Ear wax care

When NOT to have ear syringing

The National Institute of Clinical Excellence have compiled the following list of circumstances in which they do not recommend ear syringing/irrigation:

Contraindications, cautions and warnings

  • Do not use ear irrigation to remove wax for people with:
    • A history of any previous problem with irrigation (pain, perforation, severe vertigo).
    • Current perforation of the tympanic membrane.
    • A history of perforation of the tympanic membrane in the last 12 months. Not all experts would agree with this — some would advise that any history of a perforation at any time, even one that has been surgically repaired, is a contraindication to irrigation because a healed perforation may have a thin area which would be more prone to re-perforation.
    • Grommets in place.
    • A history of any ear surgery (except extruded grommets within the last 18 months, with subsequent discharge from an Ear Nose and Throat department).
    • A mucus discharge from the ear (which may indicate an undiagnosed perforation) within the past 12 months.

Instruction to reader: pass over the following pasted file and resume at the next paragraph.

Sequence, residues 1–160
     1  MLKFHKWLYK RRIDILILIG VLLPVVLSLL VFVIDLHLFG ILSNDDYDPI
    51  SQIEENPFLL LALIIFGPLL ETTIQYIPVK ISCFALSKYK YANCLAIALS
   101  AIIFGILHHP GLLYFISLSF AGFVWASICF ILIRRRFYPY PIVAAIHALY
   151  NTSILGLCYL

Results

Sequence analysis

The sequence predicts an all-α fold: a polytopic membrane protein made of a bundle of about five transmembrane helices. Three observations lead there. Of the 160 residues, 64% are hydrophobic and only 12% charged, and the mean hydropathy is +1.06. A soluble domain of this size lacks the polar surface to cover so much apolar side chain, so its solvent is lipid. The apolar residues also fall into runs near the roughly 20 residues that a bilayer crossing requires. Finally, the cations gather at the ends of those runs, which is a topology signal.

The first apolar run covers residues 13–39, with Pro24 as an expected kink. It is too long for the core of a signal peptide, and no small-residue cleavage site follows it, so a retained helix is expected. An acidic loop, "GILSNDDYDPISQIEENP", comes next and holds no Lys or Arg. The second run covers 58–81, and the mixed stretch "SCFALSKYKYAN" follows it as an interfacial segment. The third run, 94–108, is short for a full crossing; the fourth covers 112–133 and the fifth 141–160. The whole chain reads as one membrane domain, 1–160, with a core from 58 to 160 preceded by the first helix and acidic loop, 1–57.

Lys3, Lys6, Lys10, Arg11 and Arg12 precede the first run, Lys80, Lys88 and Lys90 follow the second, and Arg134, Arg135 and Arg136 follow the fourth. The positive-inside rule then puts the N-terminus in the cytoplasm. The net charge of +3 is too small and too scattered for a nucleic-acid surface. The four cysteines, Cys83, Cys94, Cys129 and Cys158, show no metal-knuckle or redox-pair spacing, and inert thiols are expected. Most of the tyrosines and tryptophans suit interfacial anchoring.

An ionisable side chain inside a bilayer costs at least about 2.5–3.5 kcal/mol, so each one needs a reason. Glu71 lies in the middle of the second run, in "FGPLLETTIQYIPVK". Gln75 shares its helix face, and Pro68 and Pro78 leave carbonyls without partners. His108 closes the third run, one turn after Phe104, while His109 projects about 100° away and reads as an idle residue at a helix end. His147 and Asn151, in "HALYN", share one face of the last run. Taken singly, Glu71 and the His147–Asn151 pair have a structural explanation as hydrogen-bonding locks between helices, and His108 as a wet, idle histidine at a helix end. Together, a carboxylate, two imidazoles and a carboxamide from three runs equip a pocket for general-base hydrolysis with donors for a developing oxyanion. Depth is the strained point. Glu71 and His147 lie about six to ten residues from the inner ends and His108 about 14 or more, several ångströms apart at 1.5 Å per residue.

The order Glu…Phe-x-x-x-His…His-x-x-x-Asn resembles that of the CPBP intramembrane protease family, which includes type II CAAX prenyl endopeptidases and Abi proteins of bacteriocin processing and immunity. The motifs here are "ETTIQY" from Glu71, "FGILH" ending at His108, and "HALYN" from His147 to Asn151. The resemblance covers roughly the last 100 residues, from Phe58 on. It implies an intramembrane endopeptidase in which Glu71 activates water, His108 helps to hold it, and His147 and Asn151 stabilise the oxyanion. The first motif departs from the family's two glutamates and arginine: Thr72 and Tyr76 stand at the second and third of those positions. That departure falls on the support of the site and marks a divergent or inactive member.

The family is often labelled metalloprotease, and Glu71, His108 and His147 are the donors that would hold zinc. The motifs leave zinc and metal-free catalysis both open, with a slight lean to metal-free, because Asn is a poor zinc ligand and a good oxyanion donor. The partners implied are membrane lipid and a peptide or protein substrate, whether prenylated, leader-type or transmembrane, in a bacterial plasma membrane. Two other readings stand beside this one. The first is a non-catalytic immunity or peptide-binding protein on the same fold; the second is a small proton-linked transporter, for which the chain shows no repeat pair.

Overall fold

• A history of a middle ear infection in the previous 6 weeks.
    • Cleft palate, whether repaired or not.
    • Acute otitis externa with an oedematous ear canal and painful pinna.
    • Presence of a foreign body, including vegetable matter, in the ear. Hygroscopic matter, such as peas or lentils, will expand on contact with water making removal more difficult.
    • Hearing in only one ear if it is the ear to be treated, as there is a remote chance that irrigation could cause permanent deafness.
    • Confusion or agitation, as they may be unable to sit still.
    • Inability to cooperate, for example young children and some people with learning difficulties.
  • Use ear irrigation with caution in people with:
    • Vertigo, as this may indicate the presence of middle ear disease with perforation of the tympanic membrane.
    • Recurrent otitis media with or without documented tympanic membrane perforation, as thin scars on the tympanic membrane can easily be perforated.
    • An immunocompromised state, especially older people with diabetes, as there is an increased risk of infection from iatrogenic trauma to the external auditory canal in this group of people.
  • Careful instrumentation should be employed in people who are taking anticoagulants due to increased bleeding risk.
  • Warn people with a history of recurrent otitis externa or tinnitus that ear irrigation may aggravate their symptoms.

Dr Claudia Pastides

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